Spend your time building your business, and leave the point collecting and card juggling to the bloggers. If you really want to travel the world, become the point guru by learning affiliate marketing and starting your own blog instead of being of their followers who sign up for a bunch of time wasting card offers.
Hope to see all of you in Thailand or Europe this year! And really hope to get to sit next to some of you in business class!

Warm Regards,
Johnny
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  1. Honestly Johnny, I really think you are leaving miles on the table. While I agree with your one-card policy for simplicity's stake (and don't understand some of the obsession that goes into the award travel world), you can get a lot more value by switching to a simply airline card.

    Barclay points are only worth 1 cent plus 5% at most, so you're looking at only $10,000 of free travel. Earning points on a Citi AA for instance would allow you to fly from anywhere in SE Asia to the US in FIRST (not business) on an airline like Cathay for only 135,000 miles round trip and <$100 in fees. Therefore, 1 million miles would net you around 7.5 of those flights. At around $18k r/t flight, you're looking at getting $135,000 worth of flying instead of $10,000 without really adding much complexity.

    Just my two cents. Keep up the good work Johnny! Very inspiring.

    ReplyDelete
    Replies
    1. Can you explain me how you would book a flight from SF to Bangkok or reverse.

      Chose SFO to Hong Kong: :140,000 miles each way for business class/first mixed. Which is $280,000 I need to spend on my card.

      For that same spending I could get $7,000 worth of flights which is pretty much the same but I don't have to book through AA.

      Delete
    2. Anonymous has his/her point, which I don't necessarily agree with that Airlines Award charts are constantly changing. And AA actually just changed their chart early this year. Other airlines such as Delta devalued their points. At the end of the day, you still have to go through the bullshit "looking for award seats" because there are only certain seats on AA flights that allow you to redeem with miles.
      The beauty of Johnny's scheme is to save time, purchase the ticket first and redeem later. Time is the most valuable commodity which cannot be replenished.

      Delete
  2. Hey thanks for the input! I'd be curious to explore the Citi AA card.

    Working backwards, I'm seeing what 135,000 miles can get me using: http://www.aa.com/reservation/awardFlightSearchAccess.do but it says nothing is found. Is that the wrong site?

    "There are currently no awards available on AA.com for your requested Origin and Destination. Please modify your request or contact AAdvantage Reservations for award opportunities on all AAdvantage participating airlines."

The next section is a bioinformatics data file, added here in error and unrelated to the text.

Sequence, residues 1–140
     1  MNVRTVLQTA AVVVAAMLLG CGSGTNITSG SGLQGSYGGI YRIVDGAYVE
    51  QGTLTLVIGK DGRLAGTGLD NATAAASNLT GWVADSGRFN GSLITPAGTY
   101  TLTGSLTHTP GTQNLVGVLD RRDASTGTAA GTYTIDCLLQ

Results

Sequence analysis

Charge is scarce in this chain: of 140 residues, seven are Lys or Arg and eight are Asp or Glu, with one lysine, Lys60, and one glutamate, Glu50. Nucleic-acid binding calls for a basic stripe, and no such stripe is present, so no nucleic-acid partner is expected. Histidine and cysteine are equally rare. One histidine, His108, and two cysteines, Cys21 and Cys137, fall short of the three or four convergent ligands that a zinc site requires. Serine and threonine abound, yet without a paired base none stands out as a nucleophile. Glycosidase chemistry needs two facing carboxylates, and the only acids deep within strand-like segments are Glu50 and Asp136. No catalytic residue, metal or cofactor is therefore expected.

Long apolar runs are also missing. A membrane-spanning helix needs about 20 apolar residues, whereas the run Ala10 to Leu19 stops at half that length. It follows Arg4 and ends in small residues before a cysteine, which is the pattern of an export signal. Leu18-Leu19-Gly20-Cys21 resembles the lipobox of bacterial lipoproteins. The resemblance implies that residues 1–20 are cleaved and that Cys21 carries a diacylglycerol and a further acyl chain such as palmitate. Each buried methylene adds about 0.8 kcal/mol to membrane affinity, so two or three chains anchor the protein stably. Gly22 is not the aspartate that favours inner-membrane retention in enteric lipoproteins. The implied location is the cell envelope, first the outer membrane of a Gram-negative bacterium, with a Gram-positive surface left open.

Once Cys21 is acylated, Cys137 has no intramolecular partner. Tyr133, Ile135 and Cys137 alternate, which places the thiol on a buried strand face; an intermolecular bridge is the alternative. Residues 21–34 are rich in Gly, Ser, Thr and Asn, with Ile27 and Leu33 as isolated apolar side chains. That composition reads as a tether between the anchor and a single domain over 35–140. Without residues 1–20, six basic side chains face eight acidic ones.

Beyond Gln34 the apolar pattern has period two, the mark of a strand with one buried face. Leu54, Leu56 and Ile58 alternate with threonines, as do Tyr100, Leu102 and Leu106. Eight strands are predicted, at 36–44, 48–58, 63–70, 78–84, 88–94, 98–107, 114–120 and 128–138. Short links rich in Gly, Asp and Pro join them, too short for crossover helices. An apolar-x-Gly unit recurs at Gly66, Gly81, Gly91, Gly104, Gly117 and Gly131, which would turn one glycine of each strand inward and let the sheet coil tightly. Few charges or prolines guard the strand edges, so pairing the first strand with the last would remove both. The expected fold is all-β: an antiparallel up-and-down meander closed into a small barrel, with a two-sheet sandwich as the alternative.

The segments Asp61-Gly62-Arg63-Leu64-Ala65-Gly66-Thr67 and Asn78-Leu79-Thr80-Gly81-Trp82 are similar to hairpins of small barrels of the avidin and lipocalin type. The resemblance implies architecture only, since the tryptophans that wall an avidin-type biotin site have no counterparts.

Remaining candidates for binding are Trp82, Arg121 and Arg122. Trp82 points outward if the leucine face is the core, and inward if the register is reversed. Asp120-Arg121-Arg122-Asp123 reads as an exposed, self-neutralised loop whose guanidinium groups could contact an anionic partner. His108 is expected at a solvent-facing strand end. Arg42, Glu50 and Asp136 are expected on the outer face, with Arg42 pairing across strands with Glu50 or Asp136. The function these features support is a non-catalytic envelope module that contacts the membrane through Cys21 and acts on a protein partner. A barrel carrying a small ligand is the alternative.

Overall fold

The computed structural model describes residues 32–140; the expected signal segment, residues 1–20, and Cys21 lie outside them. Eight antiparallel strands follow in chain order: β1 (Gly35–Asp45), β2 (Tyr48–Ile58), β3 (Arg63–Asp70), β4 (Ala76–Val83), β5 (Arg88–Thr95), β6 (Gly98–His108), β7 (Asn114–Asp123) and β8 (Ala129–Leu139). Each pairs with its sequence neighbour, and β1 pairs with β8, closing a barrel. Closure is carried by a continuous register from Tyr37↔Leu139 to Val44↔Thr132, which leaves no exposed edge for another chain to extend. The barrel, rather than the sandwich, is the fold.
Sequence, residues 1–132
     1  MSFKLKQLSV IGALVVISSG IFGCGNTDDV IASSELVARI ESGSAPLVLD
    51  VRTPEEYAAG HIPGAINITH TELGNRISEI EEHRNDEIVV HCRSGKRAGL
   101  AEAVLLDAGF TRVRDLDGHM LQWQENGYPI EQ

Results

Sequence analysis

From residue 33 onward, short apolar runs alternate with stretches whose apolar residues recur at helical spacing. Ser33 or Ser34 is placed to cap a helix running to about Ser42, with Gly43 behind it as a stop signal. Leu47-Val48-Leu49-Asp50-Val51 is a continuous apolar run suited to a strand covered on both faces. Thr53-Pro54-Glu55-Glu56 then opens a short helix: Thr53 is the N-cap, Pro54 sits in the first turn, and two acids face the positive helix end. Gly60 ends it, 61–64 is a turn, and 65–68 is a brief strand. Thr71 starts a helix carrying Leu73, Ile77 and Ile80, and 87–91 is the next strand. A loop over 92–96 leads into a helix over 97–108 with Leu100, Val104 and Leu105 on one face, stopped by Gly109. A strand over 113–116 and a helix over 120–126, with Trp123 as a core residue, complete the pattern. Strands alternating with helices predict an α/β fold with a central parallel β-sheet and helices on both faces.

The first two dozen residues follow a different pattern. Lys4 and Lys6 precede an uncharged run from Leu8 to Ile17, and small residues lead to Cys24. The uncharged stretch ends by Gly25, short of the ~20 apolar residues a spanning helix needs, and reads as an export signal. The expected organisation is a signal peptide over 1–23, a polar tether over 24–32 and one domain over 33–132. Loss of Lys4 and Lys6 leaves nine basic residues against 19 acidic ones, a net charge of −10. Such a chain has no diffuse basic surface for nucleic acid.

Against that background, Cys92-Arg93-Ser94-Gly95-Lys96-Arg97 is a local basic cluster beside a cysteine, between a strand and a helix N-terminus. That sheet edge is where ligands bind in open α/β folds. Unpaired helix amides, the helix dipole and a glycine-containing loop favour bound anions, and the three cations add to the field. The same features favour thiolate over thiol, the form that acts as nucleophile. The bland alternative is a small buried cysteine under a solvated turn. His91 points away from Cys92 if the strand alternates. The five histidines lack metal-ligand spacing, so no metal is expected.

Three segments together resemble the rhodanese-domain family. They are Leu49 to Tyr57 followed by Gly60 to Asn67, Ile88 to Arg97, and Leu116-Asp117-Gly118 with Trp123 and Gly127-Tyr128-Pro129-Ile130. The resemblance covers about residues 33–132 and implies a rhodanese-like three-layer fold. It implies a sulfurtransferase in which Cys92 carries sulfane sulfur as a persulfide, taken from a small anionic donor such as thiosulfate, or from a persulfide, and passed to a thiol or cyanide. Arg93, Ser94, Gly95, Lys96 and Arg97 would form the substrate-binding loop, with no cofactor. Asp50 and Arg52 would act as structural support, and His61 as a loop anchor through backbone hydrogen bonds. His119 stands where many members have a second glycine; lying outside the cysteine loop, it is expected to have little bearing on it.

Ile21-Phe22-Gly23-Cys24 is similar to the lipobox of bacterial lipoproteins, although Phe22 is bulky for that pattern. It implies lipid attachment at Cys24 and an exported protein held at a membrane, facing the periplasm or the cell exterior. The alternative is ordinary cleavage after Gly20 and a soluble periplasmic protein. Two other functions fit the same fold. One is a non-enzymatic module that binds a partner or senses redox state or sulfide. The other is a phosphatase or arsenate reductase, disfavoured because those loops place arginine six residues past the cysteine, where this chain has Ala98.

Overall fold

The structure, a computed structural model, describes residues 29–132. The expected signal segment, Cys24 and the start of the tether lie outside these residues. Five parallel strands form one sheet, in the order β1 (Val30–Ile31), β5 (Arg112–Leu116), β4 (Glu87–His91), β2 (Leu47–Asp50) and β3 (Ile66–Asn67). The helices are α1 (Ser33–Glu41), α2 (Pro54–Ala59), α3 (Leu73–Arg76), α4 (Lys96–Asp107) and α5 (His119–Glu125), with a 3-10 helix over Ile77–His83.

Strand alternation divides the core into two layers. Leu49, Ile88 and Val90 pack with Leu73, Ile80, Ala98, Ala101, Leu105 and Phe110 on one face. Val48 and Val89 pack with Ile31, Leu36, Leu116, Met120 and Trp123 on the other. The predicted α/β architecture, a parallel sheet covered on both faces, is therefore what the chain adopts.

ReplyDelete
    Replies
    1. The AA award chart website is below if that's what you are looking for
      https://www.aa.com/i18n/AAdvantage/redeemMiles/all-partner-chart.jsp

      Delete
    2. Hey Aidan, thanks for the chart. Do you have a link to where I would actually redeem the miles? Do me a favor if you have a sec and test it with either SFO (San Francisco) to BKK (Bangkok) Round Trip Business Class.

      Or ideally from CNX (Chiang Mai) to SFO and see if it actually shows flights first. I tried it for 25 minutes and it kept showing no flights until I chose Hong Kong as the option instead of Thailand.

      Delete
    3. Johnny, you can check the box "Redeem Miles" which is next to the round trip or one way options. If you wanna modify search more specifically (more flexible dates), click "Advanced search" under the search button.
      I failed you. I couldn't find any flights neither and I feel bad for the time that you spent. As I said on another reply, there are only limited award seats on each flight that allow you can redeem. And some "bloggers" even suggested planning any international trip (outside of US) about a year ahead.

      Delete
  3. Hey Johnny, I'd like to chip in here and say that those in Australia have to be careful when choosing a CR card for travel. Most AU CR cards have an international transaction fee of about 3% attached to them and that can very quickly eat away any rewards you earn.

    Summary: when choosing a CR card for travel in Australia, make sure to find one that has ZERO international transaction fees. Currently BankWest, Coals, and 28Degrees are the only three entities that I know of which offer such cards.

    Cheers,
    Kirill

    ReplyDelete
    Replies
    1. Hey Kirill thanks for sharing the insight! Really good suggestions and point.

      Delete
  4. So you're not paying for business class if I understand it? You get a dropshipping order, use the money from the buyer to order from the supplier, pocket the difference as dropship profit but also have air miles as a bonus?

    Very clever!

    ReplyDelete
    Replies
    1. I currently earn enough miles to fly business class internationally a few times a year, but lately I've been traveling way more often so sometimes I just pay for it out of pocket. But in general, yes, you're exactly right!